jQuery Cycle Plugin Working with Links

The Cycle plugin for use with the jQuery library can be described as a robust, mature and versatile JavaScript plugin. Plentiful options allow every aspect of a slideshow created with Cycle to be modified.

For interactive slideshows where you’d like the user to be able to click on a slide to get more information, wrap an anchor around each slide. Then, when the user clicks on a slide they will be shown the target link. You could show the user a larger image, an expanded view of a portion of the image, or more descriptive text about the slide.

The markup is straightforward, using an unordered list of links:

Transition Effects Problem

Wrapping anchors around each slide makes them clickable, but that introduces a potential problem when using the Cycle plugin. Some of the transition effects just won’t work as expected. In this example the children that will be manipulated inside the #show container are the anchor links, not the images. Even though we know it’s supposed to be the images that are to be swapped in and out of this slideshow, technically, the children that will be swapped are the anchors, and that makes a difference in how things will look. Images are contained inside the anchors, so the images won’t be manipulated, just the anchors.

Most of the available transition effects modify the size of the slide’s width and/or height to achieve the desired effect. When an anchor is wrapped around an image, the anchor’s size can be manipulated, but the contained image won’t be resized. If one of the transitions that manipulate the slide width or height has been called, the effect won’t be seen as intended.

For example, the two slideshows below use the same HTML markup, except for having different container ids, which are targeted by the script and the CSS. Images are wrapped by <a> in both the left and right slideshows below.

Here’s the HTML Markup for the example slideshows below:

one two three four five

 

one two three four five

 

Using one of the turn effects illustrates how the different children behave. The slideshow on the left is manipulating anchors, while a slight change in the script allows the slideshow on the right to manipulate the images. Both slideshows below use the turnDown transition effect.

Watch each slide transition and you’ll see that the one on the left doesn’t show any turning behavior as the top slide is dragged off the lower slide. In the slideshow on the right the turnDown effect can be seen as the images are manipulated in a way to make it look like the next image is being turned down from above.

one
two
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five

 

one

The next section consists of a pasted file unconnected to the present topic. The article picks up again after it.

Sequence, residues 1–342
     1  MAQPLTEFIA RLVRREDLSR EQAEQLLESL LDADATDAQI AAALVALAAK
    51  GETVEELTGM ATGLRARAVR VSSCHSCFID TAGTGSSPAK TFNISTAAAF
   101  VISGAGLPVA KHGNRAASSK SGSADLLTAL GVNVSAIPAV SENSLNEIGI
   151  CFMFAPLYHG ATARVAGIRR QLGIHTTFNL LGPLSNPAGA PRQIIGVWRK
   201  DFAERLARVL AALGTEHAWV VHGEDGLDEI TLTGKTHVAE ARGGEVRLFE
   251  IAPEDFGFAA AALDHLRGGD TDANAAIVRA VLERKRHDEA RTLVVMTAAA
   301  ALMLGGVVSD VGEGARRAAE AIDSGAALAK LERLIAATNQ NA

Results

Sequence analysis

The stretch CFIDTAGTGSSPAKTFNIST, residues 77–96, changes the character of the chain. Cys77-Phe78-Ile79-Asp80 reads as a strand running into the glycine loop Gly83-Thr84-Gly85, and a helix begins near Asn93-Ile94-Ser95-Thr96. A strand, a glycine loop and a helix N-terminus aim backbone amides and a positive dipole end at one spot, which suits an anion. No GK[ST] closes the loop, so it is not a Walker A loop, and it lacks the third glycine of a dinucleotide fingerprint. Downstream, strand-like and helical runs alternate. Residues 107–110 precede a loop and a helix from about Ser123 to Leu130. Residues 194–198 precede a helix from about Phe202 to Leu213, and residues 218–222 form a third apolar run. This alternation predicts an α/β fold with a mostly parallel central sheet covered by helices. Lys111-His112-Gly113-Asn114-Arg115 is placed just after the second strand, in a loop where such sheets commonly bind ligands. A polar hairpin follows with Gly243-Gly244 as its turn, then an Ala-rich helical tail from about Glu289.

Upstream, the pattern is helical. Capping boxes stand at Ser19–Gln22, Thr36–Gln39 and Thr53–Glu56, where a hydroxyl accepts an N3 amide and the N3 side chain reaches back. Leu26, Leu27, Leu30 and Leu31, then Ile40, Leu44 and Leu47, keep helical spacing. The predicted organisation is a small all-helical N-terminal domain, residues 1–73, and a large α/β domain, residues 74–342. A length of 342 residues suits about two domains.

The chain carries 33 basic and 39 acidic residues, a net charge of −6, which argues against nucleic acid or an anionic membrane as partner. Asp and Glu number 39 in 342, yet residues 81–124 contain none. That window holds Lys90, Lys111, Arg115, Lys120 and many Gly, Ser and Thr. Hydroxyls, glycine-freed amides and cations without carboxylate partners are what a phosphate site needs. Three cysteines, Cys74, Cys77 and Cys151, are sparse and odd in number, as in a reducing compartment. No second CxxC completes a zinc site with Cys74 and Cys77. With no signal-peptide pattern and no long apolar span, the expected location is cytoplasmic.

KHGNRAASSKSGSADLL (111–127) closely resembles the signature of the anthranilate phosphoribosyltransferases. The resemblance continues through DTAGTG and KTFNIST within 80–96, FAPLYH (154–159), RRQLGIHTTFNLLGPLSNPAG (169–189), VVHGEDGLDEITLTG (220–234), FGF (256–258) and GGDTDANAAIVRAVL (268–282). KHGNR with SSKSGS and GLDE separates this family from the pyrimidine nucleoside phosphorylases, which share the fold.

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five

 

 

This phenomenon happens using the jQuery Cycle plugin when an anchor, <div>, or any other tag wraps around the images, in effect taking their place as children of the slideshow container.

slideExpr Solution

One solution is to use the slideExpr option. The default value for slideExpr is ‘NULL‘ which indicates that the default children will be manipulated as the slides, as in the slideshow on the left.

The slideshow on the right, #showright, has specified the option slideExpr: ‘img’ to assure that the <img> should be treated as slides, see line 11. By specifying which element should be treated as the children of the slideshow container, the transition fx can be seen as intended.

Slideshows can use any content for slides, so remember that extra elements in the slideshow container will be treated as slides. Inspect the HTML markup above and take note of the blank paragraph in each slideshow container. The default slideshow on the left, #showleft, assumes that the <p> is a child that is part of the slideshow, so it shows a blank paragraph after the last slide. Only images are slides in the slideshow #showright, so its behavior is to wrap around to the first <img>, instead of showing the blank paragraph as the last slide.

fx Solution

Another way to avoid the transition effect problem is to stick with the slide transitions that aren’t affected when using wrappers around slides. When the design requires wrapping slides in anchors or divs, pick from the subset of transition effects that doesn’t modify the image size. To see the true effects use fade, scrollUp, scrollDown, scrollLeft, scrollRight, and shuffle for slide transitions.

Note: The blank spaces between each slide in #showleft are due to the way that WordPress assembles a webpage or post. Use slideExpr with WordPress to avoid having WordPress-injected elements acting as slides in slideshows with the jQuery Cycle plugin.

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